I came across the idea for this blog whilst beginning to binge watch the fourth season of “Mad Men” on Netflix, in which the pilot episode of that season is conveniently enough named “Public Relations”. Although fictional, I realised how many great examples of public relations there are in Film and TV.
Starting in the 1960’s, on Madison Avenue, ‘Mad Men’ explores the advertising agency Sterling Cooper and follows the professional and personal lives of it’s employees. Throughout the seven series TV show we come across several excellent public relation related examples.
LUCKY STRIKE – UNDERSTANDING DEMOGRAPHICS
The pilot episode focuses on the team at Sterling Cooper having to create a new campaign for their long serving cigarette clients ‘Lucky Strike’. However, new information has just arisen at the time stating how harmful smoking and tobacco is. Don, the creative director, and his team find a way to create a campaign that doesn’t shy away from the truth of the product but instead focuses on the toasting process while steal appealing to the products demographics. The tag line for the campaign read “Lucky Strike. It’s Toasted”. At the time, it was still the older generation that were smoking, and they didn’t particularly care for the new information regarding the health risks. The 60’s also saw a rise in woman smoking as it was seen as ‘liberating’. Throughout the series, Sterling Cooper always displays a great understanding of their demographic and the importance of knowing it, a key lesson for PR practitioners.
ADDING A TELEVISION DEPARTMENT – GET WITH THE TIMES
Sterling Cooper were constantly staying on top of trends in the 1960’s, they added a television and media department at a time where it was relatively uncommon and new. This became one of the agencies defining moments as it brought a new sense of creativity to their campaigns. They knew to remain competitive within the growing ad industry that they had to stay on top of trends. This is even more relative now with the continuous emergence of new technologies and forms of social media. PR practitioners can take a page out of Sterling Coopers book by keeping up with the emerging trends so they can stay competitive and remain on top.
SUGARBERRY HAM – HAVE A CRISIS SITUATION PLAN
When an account executive and a member of the creative team come up with a publicity stunt for their client ‘Sugarberry Ham’ who are struggling for sales they are quickly met with a crisis. Although the publicity stunt, which involved two woman publicly fighting over a ham in a supermarket, created widespread buzz and increased sales for the client they were hit with the cost of posting bail for one of the woman who was eventually arrested for the stunt, and then further hush money so they would keep quiet surrounding the issue. Crisis situation plans should be thought of in advance on the off chance a campaign goes wrong. In a similar situation on the show, an American airlines jet crashed and the creative director of the agency ordered them to pull their client ‘Mohawk Airlines’ campaigns in order to prevent a reputational crisis by association. Its even more important now for crisis situation plans with the continued rise of social media, many companies and brands have faced backlash over ill advised tweets or posts. Having one of these may prevent even further backlash and damage to the brands image.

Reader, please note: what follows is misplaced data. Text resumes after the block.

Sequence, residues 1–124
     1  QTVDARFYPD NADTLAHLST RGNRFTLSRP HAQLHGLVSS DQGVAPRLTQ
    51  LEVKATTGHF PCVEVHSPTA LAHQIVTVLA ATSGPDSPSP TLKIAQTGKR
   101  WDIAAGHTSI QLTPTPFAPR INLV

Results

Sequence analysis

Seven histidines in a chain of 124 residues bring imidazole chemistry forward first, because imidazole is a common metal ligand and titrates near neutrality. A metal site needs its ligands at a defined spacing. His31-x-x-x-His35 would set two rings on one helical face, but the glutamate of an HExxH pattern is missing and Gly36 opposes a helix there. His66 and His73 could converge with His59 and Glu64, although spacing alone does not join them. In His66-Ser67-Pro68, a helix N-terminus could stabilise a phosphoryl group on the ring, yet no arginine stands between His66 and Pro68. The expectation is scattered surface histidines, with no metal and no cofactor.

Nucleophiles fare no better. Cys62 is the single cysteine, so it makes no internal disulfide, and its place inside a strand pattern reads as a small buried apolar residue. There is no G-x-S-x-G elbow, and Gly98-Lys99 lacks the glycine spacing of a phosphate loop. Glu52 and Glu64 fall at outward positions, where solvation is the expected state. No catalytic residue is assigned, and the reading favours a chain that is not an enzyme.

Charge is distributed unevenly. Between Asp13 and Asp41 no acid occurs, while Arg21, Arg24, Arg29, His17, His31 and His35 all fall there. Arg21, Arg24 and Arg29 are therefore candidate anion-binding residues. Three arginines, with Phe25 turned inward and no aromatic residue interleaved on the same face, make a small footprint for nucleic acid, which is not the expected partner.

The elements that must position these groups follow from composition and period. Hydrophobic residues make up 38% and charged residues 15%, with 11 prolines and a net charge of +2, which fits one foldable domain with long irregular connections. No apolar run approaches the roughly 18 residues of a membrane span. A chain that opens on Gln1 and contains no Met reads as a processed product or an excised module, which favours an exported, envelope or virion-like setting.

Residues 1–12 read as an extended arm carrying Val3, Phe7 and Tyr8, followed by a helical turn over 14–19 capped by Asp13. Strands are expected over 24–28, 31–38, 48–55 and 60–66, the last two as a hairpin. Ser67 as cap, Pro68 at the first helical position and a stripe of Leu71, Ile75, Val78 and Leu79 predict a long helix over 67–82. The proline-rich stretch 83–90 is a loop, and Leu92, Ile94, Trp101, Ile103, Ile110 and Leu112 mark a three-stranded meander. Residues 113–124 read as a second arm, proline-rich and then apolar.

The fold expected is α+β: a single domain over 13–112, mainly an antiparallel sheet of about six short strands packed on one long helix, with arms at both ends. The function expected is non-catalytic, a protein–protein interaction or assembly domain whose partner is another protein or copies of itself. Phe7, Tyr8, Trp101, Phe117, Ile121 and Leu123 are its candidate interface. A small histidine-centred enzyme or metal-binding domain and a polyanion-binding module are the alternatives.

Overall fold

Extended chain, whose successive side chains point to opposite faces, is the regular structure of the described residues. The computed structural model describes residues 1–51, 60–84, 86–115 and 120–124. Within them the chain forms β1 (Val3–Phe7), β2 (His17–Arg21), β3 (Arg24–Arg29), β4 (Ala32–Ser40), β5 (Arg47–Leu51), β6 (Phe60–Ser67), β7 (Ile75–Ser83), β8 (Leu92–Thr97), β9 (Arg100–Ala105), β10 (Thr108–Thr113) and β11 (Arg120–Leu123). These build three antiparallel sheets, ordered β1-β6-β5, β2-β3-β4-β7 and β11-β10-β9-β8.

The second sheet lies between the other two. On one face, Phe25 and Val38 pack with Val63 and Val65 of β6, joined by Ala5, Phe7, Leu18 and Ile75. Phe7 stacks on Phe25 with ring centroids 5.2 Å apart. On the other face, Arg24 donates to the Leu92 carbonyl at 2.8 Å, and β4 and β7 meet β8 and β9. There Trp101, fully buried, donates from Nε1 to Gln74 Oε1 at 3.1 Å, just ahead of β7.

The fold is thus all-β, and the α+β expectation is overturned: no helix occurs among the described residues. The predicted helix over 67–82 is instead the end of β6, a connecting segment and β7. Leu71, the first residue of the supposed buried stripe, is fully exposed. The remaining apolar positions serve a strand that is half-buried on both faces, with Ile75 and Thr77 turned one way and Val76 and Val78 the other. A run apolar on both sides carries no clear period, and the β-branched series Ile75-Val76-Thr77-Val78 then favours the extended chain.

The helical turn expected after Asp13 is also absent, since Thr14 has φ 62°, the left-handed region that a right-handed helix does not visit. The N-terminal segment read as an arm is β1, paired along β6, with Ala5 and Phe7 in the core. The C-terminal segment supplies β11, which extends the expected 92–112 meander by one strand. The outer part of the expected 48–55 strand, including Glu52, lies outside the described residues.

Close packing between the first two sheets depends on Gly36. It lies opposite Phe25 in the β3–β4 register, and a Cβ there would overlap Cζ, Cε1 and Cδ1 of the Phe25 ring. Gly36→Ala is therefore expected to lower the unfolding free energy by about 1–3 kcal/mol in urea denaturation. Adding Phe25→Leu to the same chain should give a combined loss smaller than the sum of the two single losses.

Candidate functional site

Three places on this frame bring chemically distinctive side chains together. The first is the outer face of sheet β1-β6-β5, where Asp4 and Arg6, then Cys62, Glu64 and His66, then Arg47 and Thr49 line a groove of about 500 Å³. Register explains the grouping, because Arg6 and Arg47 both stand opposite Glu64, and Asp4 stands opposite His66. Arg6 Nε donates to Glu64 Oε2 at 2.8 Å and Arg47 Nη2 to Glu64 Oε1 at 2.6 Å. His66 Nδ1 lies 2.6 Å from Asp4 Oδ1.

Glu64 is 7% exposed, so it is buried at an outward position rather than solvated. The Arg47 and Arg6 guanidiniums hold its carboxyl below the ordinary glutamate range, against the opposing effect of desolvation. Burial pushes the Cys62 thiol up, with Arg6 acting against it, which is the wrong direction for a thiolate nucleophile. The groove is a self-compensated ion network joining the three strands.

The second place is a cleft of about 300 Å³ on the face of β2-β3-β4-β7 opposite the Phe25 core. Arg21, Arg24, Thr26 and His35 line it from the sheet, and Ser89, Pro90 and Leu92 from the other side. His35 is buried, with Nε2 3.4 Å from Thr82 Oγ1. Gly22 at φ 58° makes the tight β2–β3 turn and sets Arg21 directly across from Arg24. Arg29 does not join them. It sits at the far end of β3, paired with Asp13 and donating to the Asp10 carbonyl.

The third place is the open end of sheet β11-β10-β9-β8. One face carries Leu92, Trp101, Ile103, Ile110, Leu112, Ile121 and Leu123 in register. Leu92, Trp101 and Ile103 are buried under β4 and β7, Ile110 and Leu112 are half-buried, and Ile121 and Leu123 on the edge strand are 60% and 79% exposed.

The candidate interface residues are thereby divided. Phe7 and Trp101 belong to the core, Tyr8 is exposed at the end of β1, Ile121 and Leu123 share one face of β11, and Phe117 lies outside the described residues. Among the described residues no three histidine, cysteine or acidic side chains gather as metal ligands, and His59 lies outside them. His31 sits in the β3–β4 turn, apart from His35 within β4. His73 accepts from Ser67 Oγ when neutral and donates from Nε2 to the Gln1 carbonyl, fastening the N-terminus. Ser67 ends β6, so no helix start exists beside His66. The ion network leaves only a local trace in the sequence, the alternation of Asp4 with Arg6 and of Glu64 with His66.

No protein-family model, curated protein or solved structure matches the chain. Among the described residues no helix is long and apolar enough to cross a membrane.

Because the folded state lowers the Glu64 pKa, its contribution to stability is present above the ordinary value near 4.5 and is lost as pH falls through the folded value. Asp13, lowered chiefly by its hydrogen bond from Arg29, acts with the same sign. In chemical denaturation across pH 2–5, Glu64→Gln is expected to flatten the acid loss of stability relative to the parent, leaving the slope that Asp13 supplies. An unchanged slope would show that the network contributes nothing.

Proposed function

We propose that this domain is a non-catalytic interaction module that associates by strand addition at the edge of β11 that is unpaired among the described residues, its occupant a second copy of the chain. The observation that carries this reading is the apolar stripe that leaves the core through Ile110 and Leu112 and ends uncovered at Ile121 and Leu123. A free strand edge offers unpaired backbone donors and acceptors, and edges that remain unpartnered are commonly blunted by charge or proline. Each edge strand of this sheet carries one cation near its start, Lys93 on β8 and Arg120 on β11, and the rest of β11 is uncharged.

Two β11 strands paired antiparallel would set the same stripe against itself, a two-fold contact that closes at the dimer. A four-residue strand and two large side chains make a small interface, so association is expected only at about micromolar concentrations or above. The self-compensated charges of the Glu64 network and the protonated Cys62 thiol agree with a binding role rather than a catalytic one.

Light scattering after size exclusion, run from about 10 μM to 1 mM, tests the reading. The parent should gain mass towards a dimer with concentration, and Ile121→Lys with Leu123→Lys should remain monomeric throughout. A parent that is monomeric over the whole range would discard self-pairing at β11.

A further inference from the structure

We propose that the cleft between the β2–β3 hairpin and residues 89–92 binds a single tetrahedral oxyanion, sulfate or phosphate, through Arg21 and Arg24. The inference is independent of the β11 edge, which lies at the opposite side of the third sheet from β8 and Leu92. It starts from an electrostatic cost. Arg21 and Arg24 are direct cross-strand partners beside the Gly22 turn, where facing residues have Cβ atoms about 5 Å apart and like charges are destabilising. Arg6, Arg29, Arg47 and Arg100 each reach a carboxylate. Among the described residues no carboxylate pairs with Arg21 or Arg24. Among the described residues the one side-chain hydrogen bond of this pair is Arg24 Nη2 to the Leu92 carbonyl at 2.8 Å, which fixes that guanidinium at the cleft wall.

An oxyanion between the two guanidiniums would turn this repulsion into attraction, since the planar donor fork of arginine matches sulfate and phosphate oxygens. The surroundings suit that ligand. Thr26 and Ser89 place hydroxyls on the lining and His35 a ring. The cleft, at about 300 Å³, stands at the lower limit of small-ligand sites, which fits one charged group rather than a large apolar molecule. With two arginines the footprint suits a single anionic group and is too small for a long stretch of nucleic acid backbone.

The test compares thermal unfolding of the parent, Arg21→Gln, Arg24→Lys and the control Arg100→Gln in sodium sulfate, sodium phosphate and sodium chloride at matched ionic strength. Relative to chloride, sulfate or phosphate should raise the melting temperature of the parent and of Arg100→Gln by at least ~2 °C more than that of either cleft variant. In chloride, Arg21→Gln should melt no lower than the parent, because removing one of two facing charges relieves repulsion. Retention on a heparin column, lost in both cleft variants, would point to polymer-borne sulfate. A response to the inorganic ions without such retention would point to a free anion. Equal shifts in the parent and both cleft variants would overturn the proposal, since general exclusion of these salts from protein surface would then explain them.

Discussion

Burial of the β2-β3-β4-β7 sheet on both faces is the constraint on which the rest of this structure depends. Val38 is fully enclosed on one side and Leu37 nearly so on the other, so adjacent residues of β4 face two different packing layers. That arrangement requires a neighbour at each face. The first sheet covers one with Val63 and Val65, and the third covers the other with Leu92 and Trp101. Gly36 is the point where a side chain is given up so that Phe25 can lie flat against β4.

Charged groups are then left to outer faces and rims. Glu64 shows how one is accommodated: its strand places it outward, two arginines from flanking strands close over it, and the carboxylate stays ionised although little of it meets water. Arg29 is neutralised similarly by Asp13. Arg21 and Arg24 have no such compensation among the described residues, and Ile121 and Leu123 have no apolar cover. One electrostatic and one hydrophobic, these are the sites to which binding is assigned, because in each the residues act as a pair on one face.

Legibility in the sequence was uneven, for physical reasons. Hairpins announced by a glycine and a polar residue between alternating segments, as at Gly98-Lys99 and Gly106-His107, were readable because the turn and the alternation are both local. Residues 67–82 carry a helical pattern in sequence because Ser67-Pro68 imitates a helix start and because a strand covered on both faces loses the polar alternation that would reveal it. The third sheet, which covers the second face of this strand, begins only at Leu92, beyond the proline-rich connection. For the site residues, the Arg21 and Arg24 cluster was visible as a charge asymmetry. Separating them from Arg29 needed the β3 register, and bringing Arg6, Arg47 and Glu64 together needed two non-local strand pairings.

THE SOCIAL NETWORK – PROTECT YOUR IMAGE
‘The Social Network’ tells the complicated story of Mark Zuckerberg and his road to creating Facebook. We come upon several PR related examples but one of the more prominent ones was the animal cruelty story which was posted in the ‘Crimson’ newspaper regarding his business partner and best friend Edwardo Saverin. In the article it had named Saverin as the co-founder of Facebook, Zuckerberg didn’t care at all other than the fact it had listed him as this hence the possibility of dragging the companies name through the mud. A similar situation arose with Facebook’s first president Sean Parker, he was arrested for possession of cocaine at a party in the film and after pressure from Zuckerberg and board members, he resigned to avoid any backlash for the company. Nowadays in reality, its even easier for companies and individuals to come under fire with the progression of social media. Comments made on Twitter or Facebook years ago are continually brought back up and have caused a number of high profile people to be ‘cancelled’.
THE GOLDEN TICKET – MARKETING BUZZ
Willy Wonka looks to find a successor to his empire in the latest rendition of ‘Charlie & The Chocolate Factory’. The Golden Ticket stunt creates widespread positive publicity for his brand with every man woman and child hoping to unwrap one. Similar stunts like these are still very valuable and common for PR practitioners to use.
THE QUEEN – MORE CRISIS MANAGEMENT
After Princess Diana’s death in 1997, the then Prime Minister Tony Blair and the Royal Family have disagreements on how her death should be addressed to the public. Blair tries to convince Queen Elizabeth to make an affectionate statement regarding the death of her grandchildren’s mother whilst the Royal Family insist on distancing themselves form the situation after the scandal of Diana an Prince Charles’ divorce. This is a great example of what to do to avoid a PR crisis.
Eoghan Gilmore is a final year Bsc in Communication Management & Public Relations student at Ulster University. He can be found at: Instagram – eoghangilmore , LinkedIn – https://ie.linkedin.com/in/eoghan-gilmore-106a89164